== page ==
The Oxford History of Mexico

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Mexico is a country of fascinating contrasts–glorious history and tumultuous politics, extraordinary culture and desperate poverty, ancient traditions and rapid modernization. Yet despite the growing curiosity about Mexico due to increased trade and commerce, mostly resulting from NAFTA, as well as increased tourism and immigration, there is presently no up-to-date, accessible history of Mexico for general readers. The Oxford History of Mexico, edited by M… More >>

The Oxford History of Mexico

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  1. R. Forehand says:

    This book was somewhat of a disappointment. I am an adult student of Spanish and have developed a keen interest in — but am still a relative novice on — the history of Mexico. I bought this book after having read several short accounts of Mexican history — for example, various travel guide history sections (including the relatively thoughtful Insight/Discovery Channel Guide). Additionally, I have studied Mexican history on several academic websites. I bought this book hoping to “pull it all together” and get a solid foundation. Instead, I got book that was admittedly interesting … BUT was a disjointed collection of articles written by different authors in different styles that (1) assumed a much greater base knowledge that I had and (2) concentrated on just a few social and political issues and eras and left huge chronological gaps. So … I’d recommend that you buy this book ONLY if you don’t need it … that is, that you already are conversant in Mexican history. A better selection as a primer might be The Course of Mexican History by Meyer, Sherman and Deeds — designed as a textbook, but pretty readable.
    Rating: 3 / 5

  2. The “Oxford History of Mexico” is a well researched multidisciplinary book of history. It is an edited book, meaning that many authors devote their energies to the analysis of a single aspect of the glorious and heartbreaking history of Mexico. Thus, while each topic is well covered, there is some lack of narrative flow. Editor Michael Meyer is the author of another excellent history “The Course of Mexican History” that has a great narrative pace combined with a high level of detail. However, his book has been criticized for slighting the colonial experience. So, I guess with a story as complicated, long and eventful as the history of Mexico, you must sacrifice some narrative flow to provide detail or sacrifice detail to narrative flow.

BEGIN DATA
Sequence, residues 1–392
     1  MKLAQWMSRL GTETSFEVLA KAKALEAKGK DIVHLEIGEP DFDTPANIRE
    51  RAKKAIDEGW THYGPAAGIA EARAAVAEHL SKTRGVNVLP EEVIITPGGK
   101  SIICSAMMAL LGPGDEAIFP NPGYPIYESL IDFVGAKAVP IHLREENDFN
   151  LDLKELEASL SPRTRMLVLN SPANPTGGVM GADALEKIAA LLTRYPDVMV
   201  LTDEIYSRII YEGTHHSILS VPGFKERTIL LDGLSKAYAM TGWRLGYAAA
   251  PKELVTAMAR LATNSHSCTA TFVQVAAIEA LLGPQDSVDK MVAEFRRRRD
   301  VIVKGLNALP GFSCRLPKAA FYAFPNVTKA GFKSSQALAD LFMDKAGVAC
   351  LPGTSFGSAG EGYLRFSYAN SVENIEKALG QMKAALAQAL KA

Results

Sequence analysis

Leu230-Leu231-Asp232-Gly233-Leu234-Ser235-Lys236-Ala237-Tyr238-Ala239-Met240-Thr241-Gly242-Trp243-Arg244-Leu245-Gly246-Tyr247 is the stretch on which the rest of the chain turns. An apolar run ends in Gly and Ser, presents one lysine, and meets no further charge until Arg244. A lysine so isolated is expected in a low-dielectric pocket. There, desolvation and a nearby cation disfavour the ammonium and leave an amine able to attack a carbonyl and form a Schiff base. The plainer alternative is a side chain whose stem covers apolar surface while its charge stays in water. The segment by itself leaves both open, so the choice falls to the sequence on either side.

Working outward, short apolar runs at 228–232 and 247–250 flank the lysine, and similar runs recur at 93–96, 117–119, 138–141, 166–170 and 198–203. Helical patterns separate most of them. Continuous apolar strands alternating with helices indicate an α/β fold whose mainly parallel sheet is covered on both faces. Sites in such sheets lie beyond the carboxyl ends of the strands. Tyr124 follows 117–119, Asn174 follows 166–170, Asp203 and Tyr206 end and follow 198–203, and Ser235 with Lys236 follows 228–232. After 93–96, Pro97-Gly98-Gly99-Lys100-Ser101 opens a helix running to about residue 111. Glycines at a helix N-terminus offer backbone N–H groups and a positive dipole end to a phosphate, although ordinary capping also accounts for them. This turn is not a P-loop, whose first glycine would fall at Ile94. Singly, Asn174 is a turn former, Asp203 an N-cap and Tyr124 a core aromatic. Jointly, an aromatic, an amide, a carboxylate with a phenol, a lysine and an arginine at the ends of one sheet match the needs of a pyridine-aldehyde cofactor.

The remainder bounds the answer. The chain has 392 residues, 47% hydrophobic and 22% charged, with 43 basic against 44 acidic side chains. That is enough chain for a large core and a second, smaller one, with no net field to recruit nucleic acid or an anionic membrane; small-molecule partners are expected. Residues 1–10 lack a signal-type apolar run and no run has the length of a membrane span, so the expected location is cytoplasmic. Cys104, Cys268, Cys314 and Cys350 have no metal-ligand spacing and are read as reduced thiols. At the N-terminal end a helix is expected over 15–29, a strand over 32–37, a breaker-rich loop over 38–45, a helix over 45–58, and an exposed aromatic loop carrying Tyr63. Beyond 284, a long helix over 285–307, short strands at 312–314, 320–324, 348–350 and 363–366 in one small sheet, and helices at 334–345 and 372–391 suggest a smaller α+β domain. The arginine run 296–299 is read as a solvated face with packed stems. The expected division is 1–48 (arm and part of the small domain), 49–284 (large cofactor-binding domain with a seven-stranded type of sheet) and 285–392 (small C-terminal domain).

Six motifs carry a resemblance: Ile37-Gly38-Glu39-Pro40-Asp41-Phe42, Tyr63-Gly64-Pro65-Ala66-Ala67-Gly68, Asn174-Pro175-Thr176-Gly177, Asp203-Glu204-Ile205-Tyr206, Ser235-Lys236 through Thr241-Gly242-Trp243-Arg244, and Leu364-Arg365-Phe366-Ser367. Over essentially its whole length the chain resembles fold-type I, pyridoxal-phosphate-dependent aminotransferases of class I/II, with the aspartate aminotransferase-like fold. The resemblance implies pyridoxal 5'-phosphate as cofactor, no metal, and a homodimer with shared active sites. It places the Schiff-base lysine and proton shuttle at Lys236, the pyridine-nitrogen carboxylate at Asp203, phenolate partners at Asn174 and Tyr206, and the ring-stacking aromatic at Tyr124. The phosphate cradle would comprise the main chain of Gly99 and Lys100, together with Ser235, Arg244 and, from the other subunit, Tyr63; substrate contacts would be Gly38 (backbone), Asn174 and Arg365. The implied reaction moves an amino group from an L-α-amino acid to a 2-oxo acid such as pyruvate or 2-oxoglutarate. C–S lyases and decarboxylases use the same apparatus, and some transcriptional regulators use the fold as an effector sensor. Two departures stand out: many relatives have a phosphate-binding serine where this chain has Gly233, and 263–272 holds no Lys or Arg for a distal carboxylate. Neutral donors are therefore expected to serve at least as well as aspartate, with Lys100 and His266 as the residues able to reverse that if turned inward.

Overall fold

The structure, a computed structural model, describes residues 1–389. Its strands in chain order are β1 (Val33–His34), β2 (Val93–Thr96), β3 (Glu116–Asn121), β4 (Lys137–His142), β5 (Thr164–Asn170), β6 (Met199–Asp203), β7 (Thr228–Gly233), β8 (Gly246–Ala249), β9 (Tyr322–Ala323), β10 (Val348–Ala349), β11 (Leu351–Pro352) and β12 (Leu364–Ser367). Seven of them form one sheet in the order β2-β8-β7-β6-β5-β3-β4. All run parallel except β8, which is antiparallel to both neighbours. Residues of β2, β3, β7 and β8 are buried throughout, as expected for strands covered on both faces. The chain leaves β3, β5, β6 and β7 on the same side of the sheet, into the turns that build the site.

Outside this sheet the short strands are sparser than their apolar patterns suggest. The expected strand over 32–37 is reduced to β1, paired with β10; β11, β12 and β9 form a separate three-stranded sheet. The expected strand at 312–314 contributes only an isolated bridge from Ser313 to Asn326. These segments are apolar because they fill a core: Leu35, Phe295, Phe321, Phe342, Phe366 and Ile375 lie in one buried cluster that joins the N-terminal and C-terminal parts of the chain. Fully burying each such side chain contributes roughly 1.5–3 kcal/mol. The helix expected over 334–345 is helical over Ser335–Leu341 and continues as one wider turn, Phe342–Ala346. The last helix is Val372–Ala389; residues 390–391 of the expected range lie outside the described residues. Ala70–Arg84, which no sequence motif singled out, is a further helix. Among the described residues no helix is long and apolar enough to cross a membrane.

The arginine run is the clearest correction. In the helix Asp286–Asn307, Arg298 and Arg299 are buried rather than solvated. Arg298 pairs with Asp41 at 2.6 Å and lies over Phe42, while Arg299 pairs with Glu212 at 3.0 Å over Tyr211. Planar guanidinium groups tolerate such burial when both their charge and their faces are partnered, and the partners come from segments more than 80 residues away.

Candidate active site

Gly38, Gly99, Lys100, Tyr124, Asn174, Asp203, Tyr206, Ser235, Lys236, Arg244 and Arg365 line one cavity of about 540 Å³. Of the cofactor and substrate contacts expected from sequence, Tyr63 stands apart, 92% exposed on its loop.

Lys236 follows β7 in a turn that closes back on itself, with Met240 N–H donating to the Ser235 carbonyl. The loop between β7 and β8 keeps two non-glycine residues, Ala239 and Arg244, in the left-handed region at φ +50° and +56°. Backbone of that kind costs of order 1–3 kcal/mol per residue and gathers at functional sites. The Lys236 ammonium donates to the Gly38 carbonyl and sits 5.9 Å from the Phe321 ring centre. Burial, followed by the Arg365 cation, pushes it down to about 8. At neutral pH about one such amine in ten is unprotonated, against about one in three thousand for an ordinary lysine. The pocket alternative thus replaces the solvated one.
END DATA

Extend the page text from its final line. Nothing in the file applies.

That quibble aside, this is truly an excellent book. The colonial experience is vividly detailed with sections on the resistance of the Indian to exploitation, the social stratification of the Indian class during the colonial period, and the role of women in society including marriage and childbirth. Further, Santa Anna, an enormously polarizing character comes in for justifiable criticism (Texas, his ideological flip flops and lack of constancy to any of his allies over the years) but also is praised for his bravery and consistent patriotism and opposition to all forms of foreign domination of Mexico.

    Finally, the role of ideology in the revolution is explored. While there were socialist overtones to much of the rhetoric that came out of the revolution, pragmatism and Mexicanidad prevail. That is, a truly independent course, truly Mexican, emerges without the ideological straight-jackets worn by other revolutionaries.

    A remarkable effort and a recommended read to anyone with a interest in Mexican culture, history and politics.
    Rating: 4 / 5

  3. Anonymous says:

    A must-read book to understand México’s post-modern conscious. Meyer and Beezley are right when they wrote that a mix of Catholic dogma, medical advances and poverty had been the pillars of México’s current population (about 100 million). The analysis on the indigenous matter is brilliant. It’s a reminder on how México hasn’t solved the indigenous problem even after almost 200 years as an independent country. The authors dissect the socioeconomic web that gave birth to the concept of the modern Mexicano.
    Rating: 4 / 5

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